Crisis Time

I don’t believe in the crisis, in the economy, in whatever it is that’s supposed to be so bad about today, about right now, the age in which we’re living. The market tanked in 2008, everything got really bad, and we’re still trying to get out of it. That’s the narrative, right? I don’t buy it.

I think it’s all made up, a bunch of nonsense. Sure, something definitely happened. There was a housing bubble. Governments let banks do a bunch of stuff that they weren’t supposed to be doing. Lots of people lost lots of money. I’m not trying to trivialize stuff like people losing their homes of being out of work.

But crisis? Still? It’s 2013. There’s no crisis. Take two seconds out of your life and look up the Great Depression on the Internet. And then think about our “Great” recession. There weren’t any bread lines. The government didn’t have to start directly hiring its own citizens (although it should have.)

I’m just saying, this is supposedly the worst time in our nation’s history since the Great Depression. But everybody has an iPhone. Everybody’s still paying a ridiculously high monthly contract to use that iPhone. Everybody has access to the Internet. How is the crisis at all making our lives different?

Since 2008 I’ve gone to Ecuador with the Peace Corps. I came back to the US and had no trouble getting two different restaurant jobs. Things are supposed to be so bad, but there hasn’t been any decrease in the number of tourists travelling to New York to spend twenty dollars on a cheeseburger. Maybe it’s just because I live in New York, but all I see are people throwing money around, on cabs, on food, on cell phones and clothing.

By this point the crisis has to be totally manufactured. It’s good for politics. Each side came blame the other side as the reason for why things aren’t getting better. But things aren’t getting worse. I’d argue that there’s no real progress. If both sides got together and really charted a course for the future, history has shown us that there are great leaps we can take forward as a society.

And there are plenty of real problems. If we could stop fighting about how to pool our resources, we could eliminate poverty, we could commission new public works, provide higher education for everybody, even basic education. But there’s no time for that? Why? Because five years later we’re still just coming out of a recession. Right. We’re still in crisis mode. There’s no time think about anything except the immediate present.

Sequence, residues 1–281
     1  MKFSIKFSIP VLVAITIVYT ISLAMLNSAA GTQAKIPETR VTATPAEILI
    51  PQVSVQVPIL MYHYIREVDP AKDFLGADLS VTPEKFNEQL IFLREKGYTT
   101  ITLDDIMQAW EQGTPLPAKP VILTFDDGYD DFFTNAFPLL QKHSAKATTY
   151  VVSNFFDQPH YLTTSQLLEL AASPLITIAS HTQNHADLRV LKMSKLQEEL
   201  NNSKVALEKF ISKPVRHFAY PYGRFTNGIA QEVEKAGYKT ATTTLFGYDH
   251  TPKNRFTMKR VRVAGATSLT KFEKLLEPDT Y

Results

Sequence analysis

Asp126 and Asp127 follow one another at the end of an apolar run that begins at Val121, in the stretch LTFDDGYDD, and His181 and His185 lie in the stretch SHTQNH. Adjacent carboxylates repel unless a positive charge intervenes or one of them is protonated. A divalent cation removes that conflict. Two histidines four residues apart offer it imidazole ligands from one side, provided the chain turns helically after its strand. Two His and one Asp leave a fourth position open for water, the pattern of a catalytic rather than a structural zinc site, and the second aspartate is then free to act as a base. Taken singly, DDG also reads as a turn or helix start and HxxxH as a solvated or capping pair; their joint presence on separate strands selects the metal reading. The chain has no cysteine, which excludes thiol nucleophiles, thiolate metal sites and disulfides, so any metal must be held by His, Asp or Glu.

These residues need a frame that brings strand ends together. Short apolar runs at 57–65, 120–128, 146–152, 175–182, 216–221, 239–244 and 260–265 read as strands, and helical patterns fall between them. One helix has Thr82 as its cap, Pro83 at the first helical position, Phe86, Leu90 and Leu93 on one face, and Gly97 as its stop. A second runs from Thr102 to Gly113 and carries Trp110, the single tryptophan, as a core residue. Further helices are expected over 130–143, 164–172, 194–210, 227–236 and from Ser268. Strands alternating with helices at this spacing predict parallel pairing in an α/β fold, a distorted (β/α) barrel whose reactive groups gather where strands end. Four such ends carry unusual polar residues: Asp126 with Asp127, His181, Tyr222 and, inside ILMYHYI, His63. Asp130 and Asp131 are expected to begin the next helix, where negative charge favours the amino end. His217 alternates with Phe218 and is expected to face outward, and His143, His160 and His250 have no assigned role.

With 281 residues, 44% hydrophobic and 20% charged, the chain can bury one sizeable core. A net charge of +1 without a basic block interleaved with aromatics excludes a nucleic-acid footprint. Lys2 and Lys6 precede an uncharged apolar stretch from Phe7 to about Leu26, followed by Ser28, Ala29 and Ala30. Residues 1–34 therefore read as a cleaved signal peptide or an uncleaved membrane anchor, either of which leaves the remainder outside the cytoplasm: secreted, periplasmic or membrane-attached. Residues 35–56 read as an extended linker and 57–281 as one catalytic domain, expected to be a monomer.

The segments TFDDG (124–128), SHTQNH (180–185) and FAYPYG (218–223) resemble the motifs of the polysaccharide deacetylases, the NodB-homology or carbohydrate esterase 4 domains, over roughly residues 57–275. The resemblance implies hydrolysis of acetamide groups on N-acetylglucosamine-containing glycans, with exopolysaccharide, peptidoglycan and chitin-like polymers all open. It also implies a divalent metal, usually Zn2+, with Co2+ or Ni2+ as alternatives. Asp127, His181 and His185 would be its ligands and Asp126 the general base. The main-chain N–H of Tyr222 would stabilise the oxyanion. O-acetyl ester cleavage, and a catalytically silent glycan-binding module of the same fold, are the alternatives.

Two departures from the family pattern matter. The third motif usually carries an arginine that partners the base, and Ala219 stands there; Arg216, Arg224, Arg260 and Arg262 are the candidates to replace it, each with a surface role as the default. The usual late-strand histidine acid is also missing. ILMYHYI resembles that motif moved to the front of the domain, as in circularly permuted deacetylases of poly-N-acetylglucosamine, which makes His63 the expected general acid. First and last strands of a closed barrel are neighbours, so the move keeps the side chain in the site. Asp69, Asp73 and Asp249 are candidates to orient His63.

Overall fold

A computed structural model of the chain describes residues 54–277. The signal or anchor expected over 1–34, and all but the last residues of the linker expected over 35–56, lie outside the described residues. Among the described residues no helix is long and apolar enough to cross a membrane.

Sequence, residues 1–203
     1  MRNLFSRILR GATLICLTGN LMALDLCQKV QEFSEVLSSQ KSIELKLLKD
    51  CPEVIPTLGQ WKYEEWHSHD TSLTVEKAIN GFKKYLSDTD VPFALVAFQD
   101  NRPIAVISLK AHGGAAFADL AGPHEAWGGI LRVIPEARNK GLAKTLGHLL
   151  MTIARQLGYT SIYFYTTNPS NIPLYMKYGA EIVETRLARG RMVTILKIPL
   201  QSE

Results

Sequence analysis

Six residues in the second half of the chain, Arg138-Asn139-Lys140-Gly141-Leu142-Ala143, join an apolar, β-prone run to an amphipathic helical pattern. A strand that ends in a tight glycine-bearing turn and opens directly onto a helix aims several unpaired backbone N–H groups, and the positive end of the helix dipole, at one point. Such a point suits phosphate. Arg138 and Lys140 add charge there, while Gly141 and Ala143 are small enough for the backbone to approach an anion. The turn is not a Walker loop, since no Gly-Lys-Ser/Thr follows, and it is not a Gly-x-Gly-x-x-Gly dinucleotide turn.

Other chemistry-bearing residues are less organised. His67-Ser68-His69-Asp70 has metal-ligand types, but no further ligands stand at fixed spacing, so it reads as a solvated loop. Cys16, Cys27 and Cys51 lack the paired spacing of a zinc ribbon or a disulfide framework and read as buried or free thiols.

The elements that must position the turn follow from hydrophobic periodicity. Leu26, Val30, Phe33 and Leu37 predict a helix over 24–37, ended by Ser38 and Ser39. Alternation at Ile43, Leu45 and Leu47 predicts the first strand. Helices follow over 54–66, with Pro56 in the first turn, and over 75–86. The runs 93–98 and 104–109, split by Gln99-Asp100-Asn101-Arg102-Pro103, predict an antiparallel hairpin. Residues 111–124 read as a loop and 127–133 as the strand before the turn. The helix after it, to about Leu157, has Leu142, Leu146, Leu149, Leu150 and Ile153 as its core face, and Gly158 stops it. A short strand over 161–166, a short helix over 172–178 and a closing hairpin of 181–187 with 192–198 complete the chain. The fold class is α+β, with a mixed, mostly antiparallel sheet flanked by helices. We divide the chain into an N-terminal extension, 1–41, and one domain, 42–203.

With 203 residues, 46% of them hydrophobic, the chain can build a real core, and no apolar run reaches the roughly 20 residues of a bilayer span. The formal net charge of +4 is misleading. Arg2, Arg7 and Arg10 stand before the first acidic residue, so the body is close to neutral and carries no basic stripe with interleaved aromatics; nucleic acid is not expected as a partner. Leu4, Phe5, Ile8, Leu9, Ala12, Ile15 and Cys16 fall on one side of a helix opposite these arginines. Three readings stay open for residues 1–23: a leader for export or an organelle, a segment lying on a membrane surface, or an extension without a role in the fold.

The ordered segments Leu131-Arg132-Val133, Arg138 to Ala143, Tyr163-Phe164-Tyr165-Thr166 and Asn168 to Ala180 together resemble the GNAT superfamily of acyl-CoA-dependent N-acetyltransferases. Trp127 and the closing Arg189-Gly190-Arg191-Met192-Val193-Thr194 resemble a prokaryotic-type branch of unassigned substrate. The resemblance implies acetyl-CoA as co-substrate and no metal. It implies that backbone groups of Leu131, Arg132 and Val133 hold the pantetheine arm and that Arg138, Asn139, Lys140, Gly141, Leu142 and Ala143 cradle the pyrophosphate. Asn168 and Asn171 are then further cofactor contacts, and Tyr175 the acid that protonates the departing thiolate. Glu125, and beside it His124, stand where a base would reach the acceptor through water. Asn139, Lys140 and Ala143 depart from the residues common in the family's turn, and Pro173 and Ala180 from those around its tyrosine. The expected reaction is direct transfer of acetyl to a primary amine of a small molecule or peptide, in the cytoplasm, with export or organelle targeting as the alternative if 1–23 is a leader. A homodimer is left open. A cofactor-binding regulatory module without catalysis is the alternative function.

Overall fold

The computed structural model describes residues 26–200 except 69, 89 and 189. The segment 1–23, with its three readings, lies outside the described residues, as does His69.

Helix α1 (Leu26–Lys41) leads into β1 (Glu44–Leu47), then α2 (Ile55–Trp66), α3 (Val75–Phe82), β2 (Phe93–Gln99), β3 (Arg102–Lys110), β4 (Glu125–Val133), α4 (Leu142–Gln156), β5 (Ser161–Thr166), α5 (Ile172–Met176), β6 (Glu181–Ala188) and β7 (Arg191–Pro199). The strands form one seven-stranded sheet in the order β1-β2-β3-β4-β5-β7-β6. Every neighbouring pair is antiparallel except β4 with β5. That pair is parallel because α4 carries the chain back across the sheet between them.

Crisis is good for big business. Banks, conglomerates, they’re all making record profits. All while the rest of us are just kind of doing the same as we’ve always been doing. They can justify not hiring because, just like I said above, they can say, hey, things are still shaky. We’re too soon out of this mess.

I’m not going anywhere with this. I don’t like sounding preachy. I just think that the crisis is a bunch of baloney. As a species, we have the means to feed everybody on the planet, but we don’t. We have the means to help everybody get out of poverty, but we aren’t doing that. It’s too easy for us to point the finger at some imaginary mess, to say to those that aren’t doing so great, listen, you should be able to help yourself out buddy.

I’d love to see redistribution on a large scale. I’d love to see the government come in and mandate ridiculously high taxes for those hoarding all of their wealth. Because the people who have a lot, the people who have power, they aren’t using that power to make anything better for society at large. They’re stalling. They’re in the way. They cry crisis at every attempt to actually do something. Because they don’t want anything done. They have no reason to. Crisis has been good for business, great for their own bottom lines. Why change anything?

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